thu 01/10/2020

Classical Reviews

LSO/Tilson Thomas, Goerne, Barbican Hall

ismene Brown

Michael Tilson Thomas’s association with the London Symphony Orchestra runs deep - he was its principal conductor for eight years, and for his latest return to his old band last night the American programmed works that, while they had a Viennese theme, also seemed vividly designed to show off the jewels of this great orchestra, its wonderful wind players.

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Maria di Rohan, Royal Festival Hall

Igor Toronyi-Lalic Krassimira Stoyanova's Maria di Rohan was the show-stopper

So many 19th-century opera plots park themselves on fertile historical ground, amid all the colour, character and juice you could ever want, and then spend three hours picking at some anaemic daisies at the edges. It was a worry last night as I watched Donizetti’s Maria di Rohan in concert at the Royal Festival Hall.  By sidestepping the heavyweight power players of Louis XIII’s reign, the eminently operatic figures of Cardinal Richelieu (endlessly...

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Philharmonia Orchestra, Pletnev, Royal Festival Hall

Edward Seckerson Mikhail Pletnev: a cool customer

Shostakovich’s Festive Overture marked the 30th anniversary of the 1917 Revolution with earnest fanfares and jolly tunes. 62 years on it smacks more of “Looney Tunes” and a cheesy kind of newsreel patriotism and you can’t help wondering if, behind all the laughter and frenetic flag-waving, the disillusionment had already set in. Mikhail Pletnev’s face suggested it had.

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Renée Fleming, RPO, Festival Hall

Edward Seckerson Renee Fleming: 'the almost indecently glamorous diva knows the value of expectation and anticipation'

The irony won’t have been lost on many in the audience that the South Bank’s International Voices series began with Ballet. A whole first half of it, actually. Just as well the diva-in-waiting – the almost indecently glamorous Renée Fleming – knows the value of expectation and anticipation. Her very first album was entitled The Beautiful Voice and if that isn’t pressure for a burgeoning career I don’t know what is.

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Thomas Quasthoff, Barbican

Jonathan Wikeley

It is probably fair to say that the concert hall at the Barbican Centre isn’t one of London’s most intimate spaces. It’s not the sort of place that would put one immediately in mind of, say, a drawing room – in fact, to do so requires a particular willingness to suspend one’s disbelief. Tonight, Thomas Quasthoff and friends endeavoured to make us do just that, and got within a hair’s breadth of pulling it off.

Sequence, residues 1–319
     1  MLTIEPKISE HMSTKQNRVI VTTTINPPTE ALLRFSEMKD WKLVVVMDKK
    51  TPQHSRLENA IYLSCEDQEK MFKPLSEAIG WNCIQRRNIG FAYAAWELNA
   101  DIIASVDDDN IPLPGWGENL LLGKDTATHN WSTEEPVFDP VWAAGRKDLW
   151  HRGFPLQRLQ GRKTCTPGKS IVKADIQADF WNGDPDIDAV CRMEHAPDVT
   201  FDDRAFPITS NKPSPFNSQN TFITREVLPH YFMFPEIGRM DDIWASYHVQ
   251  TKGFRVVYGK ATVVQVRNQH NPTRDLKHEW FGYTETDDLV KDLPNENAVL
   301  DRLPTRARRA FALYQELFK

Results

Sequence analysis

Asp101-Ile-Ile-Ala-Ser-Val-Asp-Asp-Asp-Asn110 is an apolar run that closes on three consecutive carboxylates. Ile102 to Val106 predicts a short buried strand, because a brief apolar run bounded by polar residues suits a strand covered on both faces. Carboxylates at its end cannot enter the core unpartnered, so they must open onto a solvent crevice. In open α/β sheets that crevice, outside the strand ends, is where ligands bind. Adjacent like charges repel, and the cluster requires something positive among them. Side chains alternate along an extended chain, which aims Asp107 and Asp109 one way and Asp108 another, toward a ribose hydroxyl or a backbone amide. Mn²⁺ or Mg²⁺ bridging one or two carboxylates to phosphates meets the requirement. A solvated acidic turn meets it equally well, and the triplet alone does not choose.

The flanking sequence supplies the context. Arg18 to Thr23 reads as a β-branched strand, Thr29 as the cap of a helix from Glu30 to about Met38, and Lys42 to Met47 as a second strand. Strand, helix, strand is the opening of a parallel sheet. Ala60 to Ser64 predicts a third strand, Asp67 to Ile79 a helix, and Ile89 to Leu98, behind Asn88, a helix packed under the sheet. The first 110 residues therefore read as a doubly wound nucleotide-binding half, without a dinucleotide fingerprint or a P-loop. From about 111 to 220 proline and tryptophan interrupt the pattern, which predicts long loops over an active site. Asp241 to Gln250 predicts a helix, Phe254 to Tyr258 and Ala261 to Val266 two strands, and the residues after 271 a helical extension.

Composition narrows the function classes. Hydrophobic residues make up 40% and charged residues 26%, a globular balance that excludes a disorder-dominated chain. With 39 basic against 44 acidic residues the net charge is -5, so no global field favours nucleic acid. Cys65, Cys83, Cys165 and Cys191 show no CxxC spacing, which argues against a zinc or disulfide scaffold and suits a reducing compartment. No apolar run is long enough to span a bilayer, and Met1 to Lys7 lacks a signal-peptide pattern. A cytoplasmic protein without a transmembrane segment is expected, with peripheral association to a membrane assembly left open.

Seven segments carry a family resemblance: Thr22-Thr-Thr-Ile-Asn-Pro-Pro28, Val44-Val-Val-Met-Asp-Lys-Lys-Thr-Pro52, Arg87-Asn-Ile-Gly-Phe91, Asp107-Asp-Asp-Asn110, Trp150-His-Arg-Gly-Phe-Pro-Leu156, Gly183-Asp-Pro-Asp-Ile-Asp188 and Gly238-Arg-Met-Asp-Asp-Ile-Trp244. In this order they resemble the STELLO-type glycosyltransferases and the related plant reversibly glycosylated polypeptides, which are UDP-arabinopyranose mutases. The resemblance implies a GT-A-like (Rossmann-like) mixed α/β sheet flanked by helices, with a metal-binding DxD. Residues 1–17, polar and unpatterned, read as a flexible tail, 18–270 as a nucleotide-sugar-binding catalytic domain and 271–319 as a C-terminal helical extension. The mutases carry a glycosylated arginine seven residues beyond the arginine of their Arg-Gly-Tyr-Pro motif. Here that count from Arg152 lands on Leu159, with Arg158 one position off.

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LPO, Nézet-Séguin, Royal Festival Hall

Igor Toronyi-Lalic

We Brucknerians aren't easy to please. Few musical partnerships get the official seal of approval. Horenstein and the BBC Symphony Orchestra, Wand and the Cologne Radio Symphony Orchestra, Böhm and the Vienna Philharmonic, Knappertsbusch and the Vienna Philharmonic. These are among the handful of collaborations that have gained a place in my Brucknerian pantheon.

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Till Fellner, Wigmore Hall

Jonathan Wikeley Till Fellner's ear for detail makes an artful musical argument compelling

Much like Beethoven’s Piano Sonata in G, Op 79, with which he started the programme, I’ll get straight to the point. Till Fellner is a very good pianist. To demonstrate this, I’d like to jump to the last sonata of five we heard in this all-Beethoven programme last night: the Piano Sonata in E flat, Op 7. When you look at this music on the page, you could easily see this piece becoming a bumptious triplet-fest of mind-numbing proportions. When it is  in the capable and stylish hands of...

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L'Heure Espagnole and Gianni Schicchi, Royal Opera

Igor Toronyi-Lalic

Will UK Gold now be permanently available at the Royal Opera House? Or was Italian TV being beamed into the auditorium last night by mistake? The 1970s scene before us actually just meant the return of Richard Jones’s inspired sitcom treatment of Ravel’s L’Heure Espagnole and Puccini’s Gianni Schicchi to Covent Garden. Even before the curtain had lifted we were raising a 1970s titter, being prepped for a...

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Haitink, LSO, Barbican

Igor Toronyi-Lalic

Wozzeck, Royal Festival Hall

Peter Culshaw

I have a certain resistance to the Second Viennese School (a pretentious title in itself) of Schoenberg and his pupils Webern and Berg. Not that I'm averse to a spot of avant-gardening. I have sat through the squeakiest of squeaky-gate music with the best of them. But, apart from anything else, there's something chilling with their bullying rhetoric about purification and decadence.

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